Review your contracts
Upon a more in depth review of the contracts signed by the homeowners many red flags came up for me. Specifically when it came to the scope of work in the contract. Homeowners were promised verbally a home improvement for $100,000 + and signed a solar only contract for the amount. The solar they would require for the project would only cost around $35,000 so essentially they were signing a contract for a really expensive solar installation and nothing else. When there was actually a scope of work for home improvements it was so vague that it didn’t even describe what the work to performed would entail. Instead of quantifying what the homeowner would receive in a true scope of work it would say Bathroom Remodel $10,000 with no other description. The contract is your bible in construction and the contact documents are the only thing you have to guarantee the work agreed is the work that will be performed for the price specified.
If it smells bad it likely is
In other situations the company would install panels on roofs, take a picture to receive the financing and then remove the panels. I was shocked that the homeowners would go along with this type of fraudulent behavior. Many that I talked to were suspect but it is our human nature to want to trust people. It is the con artists game to play on trust.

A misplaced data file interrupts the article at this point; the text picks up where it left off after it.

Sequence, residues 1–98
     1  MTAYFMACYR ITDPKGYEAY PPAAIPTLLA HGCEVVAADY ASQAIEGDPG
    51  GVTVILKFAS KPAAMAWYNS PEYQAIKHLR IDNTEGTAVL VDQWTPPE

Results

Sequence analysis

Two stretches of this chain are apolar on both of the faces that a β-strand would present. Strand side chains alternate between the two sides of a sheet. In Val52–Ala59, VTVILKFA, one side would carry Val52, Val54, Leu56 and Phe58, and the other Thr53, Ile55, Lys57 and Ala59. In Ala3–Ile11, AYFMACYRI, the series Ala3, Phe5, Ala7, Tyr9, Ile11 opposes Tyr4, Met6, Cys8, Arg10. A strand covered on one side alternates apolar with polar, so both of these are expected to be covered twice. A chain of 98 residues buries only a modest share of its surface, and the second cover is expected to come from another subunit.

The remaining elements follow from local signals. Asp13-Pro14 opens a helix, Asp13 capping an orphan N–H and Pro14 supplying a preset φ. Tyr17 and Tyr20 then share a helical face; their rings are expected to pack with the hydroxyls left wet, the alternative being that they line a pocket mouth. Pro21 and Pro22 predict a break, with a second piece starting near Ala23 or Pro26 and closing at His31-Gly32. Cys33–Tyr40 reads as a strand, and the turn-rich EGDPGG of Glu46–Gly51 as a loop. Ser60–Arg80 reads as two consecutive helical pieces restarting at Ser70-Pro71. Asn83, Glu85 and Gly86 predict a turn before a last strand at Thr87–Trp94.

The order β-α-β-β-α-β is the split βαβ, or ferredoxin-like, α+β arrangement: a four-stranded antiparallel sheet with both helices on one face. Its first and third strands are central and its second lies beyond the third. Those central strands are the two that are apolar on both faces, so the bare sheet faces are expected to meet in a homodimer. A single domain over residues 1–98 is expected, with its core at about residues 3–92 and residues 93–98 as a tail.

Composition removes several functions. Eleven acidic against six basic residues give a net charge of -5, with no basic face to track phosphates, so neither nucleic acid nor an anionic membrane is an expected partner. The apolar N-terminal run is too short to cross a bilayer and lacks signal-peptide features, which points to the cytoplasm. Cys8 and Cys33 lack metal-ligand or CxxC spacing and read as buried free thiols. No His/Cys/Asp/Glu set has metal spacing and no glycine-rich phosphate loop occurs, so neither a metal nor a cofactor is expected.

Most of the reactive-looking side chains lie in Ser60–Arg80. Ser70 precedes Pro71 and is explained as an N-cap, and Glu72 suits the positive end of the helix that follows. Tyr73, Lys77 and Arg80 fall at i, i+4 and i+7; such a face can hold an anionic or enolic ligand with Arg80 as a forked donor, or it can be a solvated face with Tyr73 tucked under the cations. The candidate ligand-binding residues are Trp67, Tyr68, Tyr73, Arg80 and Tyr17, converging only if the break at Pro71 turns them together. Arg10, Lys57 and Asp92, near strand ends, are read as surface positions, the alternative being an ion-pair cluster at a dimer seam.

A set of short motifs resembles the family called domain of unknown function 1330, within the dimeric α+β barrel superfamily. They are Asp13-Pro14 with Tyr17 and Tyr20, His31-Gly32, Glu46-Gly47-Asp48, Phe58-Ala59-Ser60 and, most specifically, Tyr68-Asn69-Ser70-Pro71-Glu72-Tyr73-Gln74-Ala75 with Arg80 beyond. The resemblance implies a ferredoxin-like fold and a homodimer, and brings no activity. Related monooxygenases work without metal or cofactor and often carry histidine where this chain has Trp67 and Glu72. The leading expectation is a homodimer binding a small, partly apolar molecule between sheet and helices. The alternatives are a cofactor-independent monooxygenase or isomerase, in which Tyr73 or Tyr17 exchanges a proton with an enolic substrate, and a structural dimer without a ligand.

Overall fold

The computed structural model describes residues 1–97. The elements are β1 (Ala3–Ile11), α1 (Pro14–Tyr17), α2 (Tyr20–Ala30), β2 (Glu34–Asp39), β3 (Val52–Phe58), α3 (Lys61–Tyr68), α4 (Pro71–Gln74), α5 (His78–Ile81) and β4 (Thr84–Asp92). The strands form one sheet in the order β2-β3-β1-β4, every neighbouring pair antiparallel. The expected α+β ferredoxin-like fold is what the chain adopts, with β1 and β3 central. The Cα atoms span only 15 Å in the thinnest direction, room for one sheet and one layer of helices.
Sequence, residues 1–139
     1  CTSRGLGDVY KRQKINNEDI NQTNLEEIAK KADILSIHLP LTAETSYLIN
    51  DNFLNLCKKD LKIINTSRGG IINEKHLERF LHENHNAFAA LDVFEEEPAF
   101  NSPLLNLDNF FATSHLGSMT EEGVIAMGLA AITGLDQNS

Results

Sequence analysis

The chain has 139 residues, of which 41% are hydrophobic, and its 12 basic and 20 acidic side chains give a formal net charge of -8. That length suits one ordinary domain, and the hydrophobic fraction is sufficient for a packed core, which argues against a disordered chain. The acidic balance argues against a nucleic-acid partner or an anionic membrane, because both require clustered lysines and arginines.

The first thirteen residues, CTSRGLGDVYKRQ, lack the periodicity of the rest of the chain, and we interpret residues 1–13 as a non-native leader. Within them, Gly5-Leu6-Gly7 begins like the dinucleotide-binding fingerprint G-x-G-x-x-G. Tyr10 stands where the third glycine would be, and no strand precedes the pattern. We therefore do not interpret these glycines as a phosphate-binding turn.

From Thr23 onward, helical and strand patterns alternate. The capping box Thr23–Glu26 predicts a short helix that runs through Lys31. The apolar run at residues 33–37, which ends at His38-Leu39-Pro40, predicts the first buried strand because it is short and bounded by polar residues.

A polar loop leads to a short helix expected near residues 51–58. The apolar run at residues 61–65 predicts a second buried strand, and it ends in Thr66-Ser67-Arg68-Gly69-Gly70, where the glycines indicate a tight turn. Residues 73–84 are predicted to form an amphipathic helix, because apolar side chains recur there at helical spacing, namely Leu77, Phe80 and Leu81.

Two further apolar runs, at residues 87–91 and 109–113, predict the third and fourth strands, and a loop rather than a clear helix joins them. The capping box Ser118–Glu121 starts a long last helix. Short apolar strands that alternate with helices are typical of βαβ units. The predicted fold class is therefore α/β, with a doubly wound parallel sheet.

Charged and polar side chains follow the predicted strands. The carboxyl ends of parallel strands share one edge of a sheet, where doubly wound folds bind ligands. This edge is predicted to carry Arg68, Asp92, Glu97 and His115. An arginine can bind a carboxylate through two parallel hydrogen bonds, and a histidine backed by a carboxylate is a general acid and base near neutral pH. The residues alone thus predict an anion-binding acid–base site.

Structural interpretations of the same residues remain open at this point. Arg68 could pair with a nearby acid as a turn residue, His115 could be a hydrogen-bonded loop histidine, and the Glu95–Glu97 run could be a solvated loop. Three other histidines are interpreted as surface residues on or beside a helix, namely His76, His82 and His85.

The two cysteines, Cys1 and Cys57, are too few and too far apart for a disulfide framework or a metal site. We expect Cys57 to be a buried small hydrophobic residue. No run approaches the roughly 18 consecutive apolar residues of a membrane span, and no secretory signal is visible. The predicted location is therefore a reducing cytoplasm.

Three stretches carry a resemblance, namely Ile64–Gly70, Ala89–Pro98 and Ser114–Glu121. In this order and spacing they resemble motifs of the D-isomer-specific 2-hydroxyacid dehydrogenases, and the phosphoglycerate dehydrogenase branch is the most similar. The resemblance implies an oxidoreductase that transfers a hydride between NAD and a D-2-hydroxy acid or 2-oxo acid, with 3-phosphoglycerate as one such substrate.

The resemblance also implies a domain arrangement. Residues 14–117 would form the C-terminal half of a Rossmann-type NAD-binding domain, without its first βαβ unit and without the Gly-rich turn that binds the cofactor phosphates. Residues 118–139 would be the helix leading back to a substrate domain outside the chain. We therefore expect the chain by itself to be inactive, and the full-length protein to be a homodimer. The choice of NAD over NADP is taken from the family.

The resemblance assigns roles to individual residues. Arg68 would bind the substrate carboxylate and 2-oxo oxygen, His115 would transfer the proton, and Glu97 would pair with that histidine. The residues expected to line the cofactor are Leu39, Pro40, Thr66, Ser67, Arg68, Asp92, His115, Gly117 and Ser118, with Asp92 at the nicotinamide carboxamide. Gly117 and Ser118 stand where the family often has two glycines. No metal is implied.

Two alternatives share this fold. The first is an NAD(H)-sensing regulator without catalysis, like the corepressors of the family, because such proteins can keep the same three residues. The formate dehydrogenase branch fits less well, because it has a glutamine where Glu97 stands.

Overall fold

Hire a Construction Manager
No one expects a homeowner to be familiar with all the ends and outs of construction and the local laws but many homeowners embark on this journey without proper support. A construction manager is a common practice in commercial contracting as larger companies rely on the knowledge and professionalism that construction managers provide. There are laws and procedures to protect the homeowner but they need to be deployed properly so that it is effective. Furthermore it is a large undertaking and worthy of a role in your construction team. The construction manager is hired by the client to oversee all the construction process from design through completion making sure the client is protected.
I have officially launched my new project Carley M Design Studio to offer design and construction management for homeowners. I bring decades of construction experience from commercial, public works and residential construction to support homeowners on an otherwise risky journey through construction. I also have identified the emotional toll that having your personal space ripped apart and do everything I can to support the client in this journey. I am available for consultations for design, construction management and construction claims management.
Please visit my website for more information and to schedule a consultation www.carleymontgomery.com